Charleston bartenders, bar owners and the local chapter of a national drink-makers guild are joining a chorus of individuals and organizations demanding that Charleston make it mandatory to wear masks in some public settings.
On Wednesday afternoon, the Facebook page of the United States Bartenders Guild's Charleston chapter shared a message with its 2,200-some followers, encouraging them to contact the city's hotline to register their support for a rule requiring face coverings.
"Not only are people’s lives at risk, so are many of our local businesses because people are not wearing masks or following social distancing guidelines," read the post in part.
The council is scheduled Thursday evening in a special session to discuss implementing a mask ordinance like those in place elsewhere in South Carolina, including Greenville and Columbia. In those cities, masks are mandatory (or soon will be) for employees and patrons of certain stores, including supermarkets; in Columbia, the mandate extends to all commercial businesses within city limits.
As proposed, Charleston's ordinance would go even further, requiring a facial covering for most public activities, including entering restaurants and bars.
Bar owners like Dwayne Mitchell of Local 616 approve of the proposed measure.
"It's time for the city to start governing its people to keep everyone safe and healthy," he said. Though it remains shuttered, Local 616 is selling masks emblazoned with its beloved owner's likeness to raise funds.
The pro-mask stance of the city's publicans squares with that of laborers across the Charleston food and beverage community. After numerous positive COVID-19 cases surfaced at West Ashley's Whole Foods, a worker there risked possible retaliation to tell The Post and Courier that a mask mandate in Charleston would be a "game-changer."
With COVID-19 cases surging in Charleston County and across the state on Tuesday, a food and beverage worker asked Charleston's City Council to "consider implementing regulations for the hospitality community."
On Wednesday, the S.C. Department of Health and Environmental Control reported 175 new cases in Charleston County, as the state's daily case count and seven-day rolling case average both hit new highs.
"I'm speaking on behalf of our board: yes, we are all proponents," said Megan Deschaine, a downtown Charleston bartender and USBG Charleston president. She said the chapter has eight board members including herself and about 80 dues-paying members in the city.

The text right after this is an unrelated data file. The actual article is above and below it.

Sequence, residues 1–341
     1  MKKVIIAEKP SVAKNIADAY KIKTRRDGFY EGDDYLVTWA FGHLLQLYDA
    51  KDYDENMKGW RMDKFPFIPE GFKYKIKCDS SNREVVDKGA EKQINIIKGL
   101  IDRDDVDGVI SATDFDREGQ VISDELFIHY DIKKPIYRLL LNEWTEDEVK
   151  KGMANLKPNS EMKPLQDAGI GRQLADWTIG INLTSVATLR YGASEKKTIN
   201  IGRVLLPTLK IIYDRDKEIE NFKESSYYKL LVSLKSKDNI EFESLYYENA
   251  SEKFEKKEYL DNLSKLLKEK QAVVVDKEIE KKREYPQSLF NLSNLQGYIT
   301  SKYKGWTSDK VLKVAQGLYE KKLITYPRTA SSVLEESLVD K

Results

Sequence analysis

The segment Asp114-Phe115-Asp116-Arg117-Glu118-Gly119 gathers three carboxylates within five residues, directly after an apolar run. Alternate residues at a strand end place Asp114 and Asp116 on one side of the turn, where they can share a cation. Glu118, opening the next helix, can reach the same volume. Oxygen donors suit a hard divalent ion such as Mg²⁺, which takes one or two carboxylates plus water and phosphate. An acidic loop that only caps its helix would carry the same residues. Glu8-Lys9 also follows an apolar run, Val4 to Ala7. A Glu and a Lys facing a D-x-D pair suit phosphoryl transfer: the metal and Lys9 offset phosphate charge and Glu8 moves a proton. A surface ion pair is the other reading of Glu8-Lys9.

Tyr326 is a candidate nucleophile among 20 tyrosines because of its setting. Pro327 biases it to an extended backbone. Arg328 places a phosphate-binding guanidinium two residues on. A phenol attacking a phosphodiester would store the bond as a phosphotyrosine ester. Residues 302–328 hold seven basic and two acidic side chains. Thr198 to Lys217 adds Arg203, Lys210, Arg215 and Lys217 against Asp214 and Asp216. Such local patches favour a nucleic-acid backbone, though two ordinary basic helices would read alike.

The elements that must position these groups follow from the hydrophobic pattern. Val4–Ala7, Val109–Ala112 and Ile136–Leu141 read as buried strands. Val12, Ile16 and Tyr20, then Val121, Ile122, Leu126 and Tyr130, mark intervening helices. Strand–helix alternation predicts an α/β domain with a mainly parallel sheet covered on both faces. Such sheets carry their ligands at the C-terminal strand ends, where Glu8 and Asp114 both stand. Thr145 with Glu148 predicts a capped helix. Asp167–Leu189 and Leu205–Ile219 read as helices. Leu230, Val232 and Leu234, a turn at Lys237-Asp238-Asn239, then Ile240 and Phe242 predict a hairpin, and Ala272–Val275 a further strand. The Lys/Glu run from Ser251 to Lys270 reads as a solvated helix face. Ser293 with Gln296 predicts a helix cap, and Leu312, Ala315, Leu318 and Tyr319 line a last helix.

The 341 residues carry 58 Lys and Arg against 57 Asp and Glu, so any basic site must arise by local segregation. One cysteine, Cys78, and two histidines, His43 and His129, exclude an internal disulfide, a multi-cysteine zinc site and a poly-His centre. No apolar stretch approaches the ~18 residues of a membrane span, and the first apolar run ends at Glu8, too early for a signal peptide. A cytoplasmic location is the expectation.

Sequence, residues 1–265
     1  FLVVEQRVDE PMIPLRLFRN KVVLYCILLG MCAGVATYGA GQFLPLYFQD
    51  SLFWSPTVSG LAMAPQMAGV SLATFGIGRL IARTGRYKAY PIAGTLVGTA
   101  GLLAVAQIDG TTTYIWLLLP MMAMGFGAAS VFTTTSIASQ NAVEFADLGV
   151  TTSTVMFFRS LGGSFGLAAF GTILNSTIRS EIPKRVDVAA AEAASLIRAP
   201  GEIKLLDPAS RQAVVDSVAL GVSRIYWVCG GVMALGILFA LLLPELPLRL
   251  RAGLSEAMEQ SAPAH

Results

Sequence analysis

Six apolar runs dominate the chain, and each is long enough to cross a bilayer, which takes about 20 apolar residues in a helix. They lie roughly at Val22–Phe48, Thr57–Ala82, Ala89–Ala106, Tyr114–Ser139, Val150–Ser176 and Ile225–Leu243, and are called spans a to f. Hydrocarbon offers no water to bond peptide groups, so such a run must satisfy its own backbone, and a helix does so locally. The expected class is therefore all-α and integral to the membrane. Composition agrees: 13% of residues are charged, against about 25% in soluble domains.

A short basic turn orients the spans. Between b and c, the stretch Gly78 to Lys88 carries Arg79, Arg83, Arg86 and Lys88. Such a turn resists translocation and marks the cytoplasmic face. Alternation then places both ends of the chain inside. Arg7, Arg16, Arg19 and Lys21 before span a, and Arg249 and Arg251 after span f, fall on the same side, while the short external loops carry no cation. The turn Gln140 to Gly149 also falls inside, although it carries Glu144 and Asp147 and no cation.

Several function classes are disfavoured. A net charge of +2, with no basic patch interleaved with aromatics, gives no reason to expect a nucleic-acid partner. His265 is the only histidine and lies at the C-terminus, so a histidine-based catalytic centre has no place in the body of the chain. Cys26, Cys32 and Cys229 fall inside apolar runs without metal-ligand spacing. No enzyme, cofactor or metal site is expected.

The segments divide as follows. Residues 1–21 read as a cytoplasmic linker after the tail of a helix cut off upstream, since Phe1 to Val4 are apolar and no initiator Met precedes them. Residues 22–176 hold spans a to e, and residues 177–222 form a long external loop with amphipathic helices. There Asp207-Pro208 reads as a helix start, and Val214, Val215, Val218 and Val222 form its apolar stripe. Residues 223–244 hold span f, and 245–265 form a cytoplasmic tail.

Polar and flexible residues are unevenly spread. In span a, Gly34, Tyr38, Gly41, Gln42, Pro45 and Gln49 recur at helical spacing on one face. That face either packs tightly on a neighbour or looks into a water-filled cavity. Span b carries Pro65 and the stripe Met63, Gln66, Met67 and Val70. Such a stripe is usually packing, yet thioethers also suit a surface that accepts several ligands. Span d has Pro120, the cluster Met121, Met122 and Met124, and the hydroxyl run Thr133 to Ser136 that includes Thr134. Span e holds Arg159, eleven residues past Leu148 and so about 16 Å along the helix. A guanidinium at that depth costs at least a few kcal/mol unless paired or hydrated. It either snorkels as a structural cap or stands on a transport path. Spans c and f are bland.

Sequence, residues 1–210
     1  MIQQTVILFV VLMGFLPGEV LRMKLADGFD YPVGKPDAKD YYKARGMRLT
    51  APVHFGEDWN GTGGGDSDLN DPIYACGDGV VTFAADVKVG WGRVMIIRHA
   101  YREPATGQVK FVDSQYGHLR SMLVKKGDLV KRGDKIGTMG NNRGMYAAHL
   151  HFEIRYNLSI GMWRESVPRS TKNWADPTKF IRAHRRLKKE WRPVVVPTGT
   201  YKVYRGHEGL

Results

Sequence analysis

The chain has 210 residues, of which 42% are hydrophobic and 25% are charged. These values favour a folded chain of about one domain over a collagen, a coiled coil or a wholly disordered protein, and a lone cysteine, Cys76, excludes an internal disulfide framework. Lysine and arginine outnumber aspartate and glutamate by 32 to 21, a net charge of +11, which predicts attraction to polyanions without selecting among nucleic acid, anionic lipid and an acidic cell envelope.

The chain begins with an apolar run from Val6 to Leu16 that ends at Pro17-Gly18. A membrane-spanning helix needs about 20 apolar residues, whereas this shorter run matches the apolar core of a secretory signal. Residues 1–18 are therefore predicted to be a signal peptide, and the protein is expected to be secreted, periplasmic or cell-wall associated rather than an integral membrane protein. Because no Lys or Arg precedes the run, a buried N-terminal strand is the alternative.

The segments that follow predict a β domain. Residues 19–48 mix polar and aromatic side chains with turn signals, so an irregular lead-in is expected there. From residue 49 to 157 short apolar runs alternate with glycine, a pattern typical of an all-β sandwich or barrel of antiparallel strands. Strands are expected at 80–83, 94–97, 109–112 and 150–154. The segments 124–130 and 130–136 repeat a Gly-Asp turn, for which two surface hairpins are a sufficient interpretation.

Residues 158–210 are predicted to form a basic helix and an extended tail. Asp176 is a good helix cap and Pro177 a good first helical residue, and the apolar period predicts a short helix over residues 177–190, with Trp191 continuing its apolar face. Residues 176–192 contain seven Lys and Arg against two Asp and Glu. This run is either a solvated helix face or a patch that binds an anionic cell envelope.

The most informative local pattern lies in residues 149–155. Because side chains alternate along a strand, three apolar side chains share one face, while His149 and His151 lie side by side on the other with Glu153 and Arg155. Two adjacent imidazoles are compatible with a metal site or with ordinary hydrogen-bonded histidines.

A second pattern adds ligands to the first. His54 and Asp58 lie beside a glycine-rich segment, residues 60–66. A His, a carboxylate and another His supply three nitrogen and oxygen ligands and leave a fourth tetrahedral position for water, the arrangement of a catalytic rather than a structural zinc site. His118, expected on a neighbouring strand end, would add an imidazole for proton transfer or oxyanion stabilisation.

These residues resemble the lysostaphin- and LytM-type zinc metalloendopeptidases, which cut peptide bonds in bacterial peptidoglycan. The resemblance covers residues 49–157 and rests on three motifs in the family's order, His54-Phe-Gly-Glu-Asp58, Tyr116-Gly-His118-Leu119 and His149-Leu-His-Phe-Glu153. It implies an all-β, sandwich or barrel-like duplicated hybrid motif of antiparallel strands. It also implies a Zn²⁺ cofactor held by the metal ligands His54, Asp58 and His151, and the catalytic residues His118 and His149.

With its members throughout the country hit hard by the economic downturn caused by the coronavirus pandemic, the USBG's national body has been coordinating efforts for relief throughout the spring, going so far as to launch an emergency grant fund to provide financial assistance to bartenders deprived of of work thanks to shelter-in-place orders.
A spokesman for the organization, which is based in California and active in 50 cities, did not immediately respond to an inquiry about its stance on mandatory masks.
Craig Nelson, owner of Proof on King Street and a 10-year guild member, told The Post and Courier he was in favor of the organization's call for the requirement. "I believe in the science, but even if you don't, what's the big deal?"
Other bartenders and bar owners who are not a part of the guild, which is focused more on cocktails than the wine trade or the high-volume sale of beer, voiced their support for the mandate as well.
"I'm all for people's freedom of choice, but I would completely understand if they made masks mandatory," said Steve Sher, owner of Silver Dollar on King Street.
"I wouldn't mind a formal city ordinance requiring masks for patrons of bars and restaurants," agreed Sarah Griffith, general manager of Cutty's Elliotborough Establishment.
Some were more pointed.
"Not quite sure why (this) is still a thing people are debating," said Joey Goetz, the longtime Belmont mixologist who has since moved on to open James Island's Bar George.
"I'm not a part of USBG but I 1,000 percent support mandatory masks," said Jayce McConnell, head bartender at Edmund's Oast. "Pants are more uncomfortable than masks, and (customers) don't throw a fit when we ask you to wear those."
Deschaine, who was one of the volunteers who helped USBG vet applications for the emergency grants in April and May, returned to her post Wednesday at Doar Bros. on Meeting Street for the first time in three months.
She wore a mask.